Google+ Followers

Wednesday, March 3, 2010

WOODEN ON THE PROCESS AND PRACTICE

The following comes from "Today Matters" by John Maxwell:

I mentioned earlier in the chapter that I fulfilled my lifelong dream of spending half a day with John Wooden. He is an amazing man. He coached basketball for over forty years. And, in all those years, he had only one losing season (his first). He led his UCLA teams to four undefeated seasons and a record ten NCAA championships, including seven in a row. No wonder he is called the Wizard of Westwood (the Los Angeles suburb where the UCLA campus is situated).

Before I went to see him, I spent three weeks rereading his books and devouring every bit of information I could about him. Then, on the appointed day, I met him for lunch at a little diner near his home where he eats regularly. When we met, he was ninety-two years old. But you wouldn’t know it to talk to him. He’s alert. And he is sharp!

As we ate, I must have asked him a thousand questions, and he answered them all graciously. I wanted to learn as much as I could about his leadership. I wanted to know why he thought he had been able to win as he did. He said he attributed it to four things: (1) analyzing players, (2) getting them to fulfill their roles as part of the team, (3) paying attention to fundamentals and details, (4) working well with others. I also wanted to know what he missed most about coaching. At first his answer surprised me.

“Practice,” he said. “It wasn’t the acclaim or the championships.” Then I remembered a quote from him I had read before our meeting. I later went back to reread it:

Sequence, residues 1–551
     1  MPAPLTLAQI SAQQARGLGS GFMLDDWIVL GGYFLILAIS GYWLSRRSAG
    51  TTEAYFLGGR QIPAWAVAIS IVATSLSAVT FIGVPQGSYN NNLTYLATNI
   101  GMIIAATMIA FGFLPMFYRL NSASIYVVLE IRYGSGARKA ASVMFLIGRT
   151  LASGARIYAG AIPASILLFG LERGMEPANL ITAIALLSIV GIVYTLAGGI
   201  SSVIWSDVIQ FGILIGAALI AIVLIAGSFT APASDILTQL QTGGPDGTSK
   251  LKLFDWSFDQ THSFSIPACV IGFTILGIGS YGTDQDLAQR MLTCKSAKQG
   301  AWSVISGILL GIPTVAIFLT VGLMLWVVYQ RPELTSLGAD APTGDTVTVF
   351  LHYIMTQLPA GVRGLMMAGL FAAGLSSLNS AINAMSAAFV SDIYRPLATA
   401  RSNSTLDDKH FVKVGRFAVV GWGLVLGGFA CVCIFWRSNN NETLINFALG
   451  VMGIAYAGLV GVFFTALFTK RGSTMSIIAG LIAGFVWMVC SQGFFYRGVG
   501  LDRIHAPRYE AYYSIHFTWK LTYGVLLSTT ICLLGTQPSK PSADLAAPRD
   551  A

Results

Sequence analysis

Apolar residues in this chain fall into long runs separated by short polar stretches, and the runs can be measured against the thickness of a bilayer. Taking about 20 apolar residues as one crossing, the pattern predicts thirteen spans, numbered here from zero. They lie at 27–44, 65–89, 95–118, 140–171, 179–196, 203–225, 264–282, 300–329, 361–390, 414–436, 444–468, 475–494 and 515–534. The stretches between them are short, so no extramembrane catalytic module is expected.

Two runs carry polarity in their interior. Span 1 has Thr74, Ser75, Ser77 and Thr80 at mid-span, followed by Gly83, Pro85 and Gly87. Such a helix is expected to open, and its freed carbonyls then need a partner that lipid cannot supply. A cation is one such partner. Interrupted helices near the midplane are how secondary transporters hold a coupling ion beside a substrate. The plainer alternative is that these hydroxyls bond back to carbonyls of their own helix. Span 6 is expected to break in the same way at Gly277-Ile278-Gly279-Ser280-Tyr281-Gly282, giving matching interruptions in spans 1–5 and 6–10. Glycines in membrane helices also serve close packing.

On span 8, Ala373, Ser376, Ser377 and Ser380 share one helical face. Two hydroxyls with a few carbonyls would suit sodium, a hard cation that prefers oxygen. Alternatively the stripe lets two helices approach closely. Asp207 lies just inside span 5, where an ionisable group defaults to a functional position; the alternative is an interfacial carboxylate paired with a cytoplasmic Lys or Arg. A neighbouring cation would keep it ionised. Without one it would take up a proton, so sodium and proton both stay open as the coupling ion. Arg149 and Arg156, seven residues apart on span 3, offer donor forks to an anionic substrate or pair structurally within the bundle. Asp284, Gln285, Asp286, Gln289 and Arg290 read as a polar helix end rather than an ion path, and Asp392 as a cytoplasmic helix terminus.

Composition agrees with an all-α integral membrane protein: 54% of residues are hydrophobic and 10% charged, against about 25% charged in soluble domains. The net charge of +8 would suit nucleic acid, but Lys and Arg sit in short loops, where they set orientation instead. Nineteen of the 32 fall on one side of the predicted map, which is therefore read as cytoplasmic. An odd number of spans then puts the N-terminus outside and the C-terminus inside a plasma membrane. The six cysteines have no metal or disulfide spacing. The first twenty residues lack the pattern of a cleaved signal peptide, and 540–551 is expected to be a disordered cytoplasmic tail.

“I have often been asked when I first started dreaming about winning a national championship. Was it at Indiana State Teachers College or after I arrived at UCLA? Perhaps while I was a college player? I never dreamed about winning a national championship.”

“What I was dreaming about each year, if you want to call it that, was trying to produce the best basketball team we could be. My thoughts were directed toward preparation, our journey, not the results of the effort (such as winning national championships). That would simply have shifted my attention to the wrong area, hoping for something out of my control. Hoping doesn’t make it happen.”

Mix idealism with realism and add hard work. This will often bring much more than you could ever hope for.

We talked more about practice, and he said, “What you do in practice is going to determine your level of success. I used to tell my players, ‘You have to give 100 percent every day. Whatever you don’t give, you can’t make up for tomorrow. If you give only 75 percent today, you can’t give 125 percent tomorrow to make up for it.’”